на главную поиск contacts

Rich Man, Poor Man, Beggar Man, Thief - But Who is Who in the Capitalist Economy

Опубликовано на портале: 25-11-2004
University of Oxford Working Papers. 2002.  No. 119.
The thesis of this paper is that a free-market capitalist economy is biased against supplying basic needs of poor consumers and also biased against creating inventing and using green technology. We begin by identifying the patterns of perverse logic in the system of market supply and in the process of technological advance under capitalism. The first pivotal problem is that economic decision makers place too high a value on the time of the current generation of workers. Hence capitalist markets create and use technologies to produce goods and services that are geared to saving worker and consumer time, instead of being geared to conserving scarce non-renewable resources. A second bias arises because of the existing inequality of wealth and the differential price of time between the rich and the poor. Demands for positional goods for the rich, which are time saving and resource using, crowd out demands to meet basic needs of the poor. Entrepreneurs react by satisfying the dominant, but wasteful, market demands of the rich, both in current supply and by responding to incentives to invent new products and processes that appeal to the rich. This has a further consequence in accentuating inequality, as prices fall and quality rises for products subject to innovation, and in driving up the relative price of skilled labour yet further, refueling the cycle of labour saving innovation at the expense of the environment. Policy to redress these perverse pressures must be far more radical than those currently under discussion in either the `Green` or the `Poverty` forums. We argue for rethinking definitions of private property rights, to attach more importance to use rights than to ownership rights, where the corollary is that lack of use can cause loss of ownership. Although a wealth tax is an obvious first step in reducing the power of the rich to distort production towards resource intensive goods, it is never likely to be sufficient. Within consumption and production, policy should aim to increase the rate of utilisation of all durable consumer goods and productive capital. This requires incentives which promote rental markets for privately owned durables and restore shift working to ensure better capacity utilisation. The taxation of production could also change: incentives to business should be restructured to maximise the use of renewable resources, particularly of unskilled labour, and minimise the use of materials intensive techniques leading to the depletion of reserves and the creation of waste products. Finally the rewards to invention and innovation, whether through R&D tax credits or the award of intellectual property rights, must circumvent the present bias of invention for today`s rich in order to address the needs of today`s and tomorrow`s poor.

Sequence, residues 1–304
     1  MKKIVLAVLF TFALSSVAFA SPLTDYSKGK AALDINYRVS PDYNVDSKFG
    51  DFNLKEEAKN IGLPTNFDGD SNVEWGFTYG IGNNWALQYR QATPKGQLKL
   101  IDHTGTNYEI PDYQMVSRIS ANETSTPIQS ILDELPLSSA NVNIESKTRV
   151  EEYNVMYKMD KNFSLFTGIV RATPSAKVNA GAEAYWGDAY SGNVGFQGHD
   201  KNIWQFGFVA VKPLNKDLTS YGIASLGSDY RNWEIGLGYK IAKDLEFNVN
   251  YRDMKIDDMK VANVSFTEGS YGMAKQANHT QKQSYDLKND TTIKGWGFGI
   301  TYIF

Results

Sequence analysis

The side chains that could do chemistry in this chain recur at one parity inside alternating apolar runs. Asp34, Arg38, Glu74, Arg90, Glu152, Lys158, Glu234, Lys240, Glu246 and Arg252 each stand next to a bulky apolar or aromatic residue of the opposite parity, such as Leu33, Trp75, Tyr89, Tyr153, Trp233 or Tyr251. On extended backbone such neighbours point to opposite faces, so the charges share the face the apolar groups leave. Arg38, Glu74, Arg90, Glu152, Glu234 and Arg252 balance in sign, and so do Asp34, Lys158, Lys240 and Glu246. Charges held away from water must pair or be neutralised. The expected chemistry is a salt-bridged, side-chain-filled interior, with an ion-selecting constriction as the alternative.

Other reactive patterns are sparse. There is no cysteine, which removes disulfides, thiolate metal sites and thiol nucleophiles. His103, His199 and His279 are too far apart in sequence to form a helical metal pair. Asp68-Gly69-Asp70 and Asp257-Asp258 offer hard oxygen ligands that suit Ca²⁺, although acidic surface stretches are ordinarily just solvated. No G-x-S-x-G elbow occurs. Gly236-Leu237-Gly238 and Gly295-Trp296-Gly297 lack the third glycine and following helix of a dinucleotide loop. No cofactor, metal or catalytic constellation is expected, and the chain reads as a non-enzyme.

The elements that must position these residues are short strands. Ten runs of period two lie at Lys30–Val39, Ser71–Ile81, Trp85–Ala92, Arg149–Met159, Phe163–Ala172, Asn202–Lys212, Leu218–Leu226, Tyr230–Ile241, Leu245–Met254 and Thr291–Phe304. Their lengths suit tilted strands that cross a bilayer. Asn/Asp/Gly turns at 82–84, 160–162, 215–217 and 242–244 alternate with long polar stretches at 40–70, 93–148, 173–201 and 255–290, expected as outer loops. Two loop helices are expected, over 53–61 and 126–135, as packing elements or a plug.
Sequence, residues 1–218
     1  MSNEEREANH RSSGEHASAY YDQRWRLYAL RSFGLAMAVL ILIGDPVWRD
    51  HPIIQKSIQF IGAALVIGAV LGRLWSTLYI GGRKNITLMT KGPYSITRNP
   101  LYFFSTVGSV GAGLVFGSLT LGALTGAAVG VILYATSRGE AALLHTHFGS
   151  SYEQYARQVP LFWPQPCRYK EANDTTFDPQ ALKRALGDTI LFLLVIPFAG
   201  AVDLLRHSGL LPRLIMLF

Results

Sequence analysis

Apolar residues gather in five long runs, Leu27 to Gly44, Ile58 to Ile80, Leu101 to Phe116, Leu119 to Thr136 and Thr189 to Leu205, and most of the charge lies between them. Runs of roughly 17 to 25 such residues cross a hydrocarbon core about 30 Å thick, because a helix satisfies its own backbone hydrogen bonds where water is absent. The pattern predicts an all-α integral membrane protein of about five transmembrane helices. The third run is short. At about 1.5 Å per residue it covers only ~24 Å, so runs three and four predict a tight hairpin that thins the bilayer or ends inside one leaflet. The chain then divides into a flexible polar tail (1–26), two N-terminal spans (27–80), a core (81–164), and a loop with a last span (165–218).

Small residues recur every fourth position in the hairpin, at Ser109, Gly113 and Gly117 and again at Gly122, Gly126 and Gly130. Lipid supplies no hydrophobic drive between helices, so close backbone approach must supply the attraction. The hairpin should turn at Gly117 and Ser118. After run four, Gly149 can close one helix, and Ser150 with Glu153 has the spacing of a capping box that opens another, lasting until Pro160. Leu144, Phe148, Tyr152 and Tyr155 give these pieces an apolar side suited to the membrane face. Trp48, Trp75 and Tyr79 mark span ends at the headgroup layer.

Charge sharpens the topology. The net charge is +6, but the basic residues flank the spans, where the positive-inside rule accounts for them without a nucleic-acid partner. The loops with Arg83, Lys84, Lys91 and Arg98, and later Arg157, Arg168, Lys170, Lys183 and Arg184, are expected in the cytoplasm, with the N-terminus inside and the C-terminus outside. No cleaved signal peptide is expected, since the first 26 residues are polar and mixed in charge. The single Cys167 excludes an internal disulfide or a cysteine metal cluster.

текст статьи на сайте University of Oxford's Department of Economics:
Ключевые слова

См. также:
Лидия Михайловна Прокофьева, Патрик Фести
Мир России. 1997.  Т. 6. № 4. С. 19-24. 
Теодор Шанин
Коммунист. 1990.  № 1.
Даниил Сергеевич Рязанов
Полития. 2011.  № 4. С. 104-111. 
Марина Анатольевна Можина, Лилия Николаевна Овчарова, Н.Е. Авдушева, Ирина Ильинична Елисеева, В.И. Гришанов, Ирина Ивановна Корчагина, Н.М. Павлова, Лидия Михайловна Прокофьева, Р.И. Попова, Майраш Сейтказыевна Токсанбаева, Евгений Владимирович Турунцев, А. Маколи
Vangelis Tzouvelekas, Christos Pantzios, Christos Fotopoulos
Journal of Agricultural and Applied Economics. 2001.  Vol. 33. No. 1.
Clemens Fuest, Andreas Peichl, Thilo Schaefer
Finanzwissenschaftliche Diskussionsbeiträge. 2007.  No. 07-6.
Наталия Владимировна Чернина
Социологические исследования. 1994.  № 3. С. 54-61.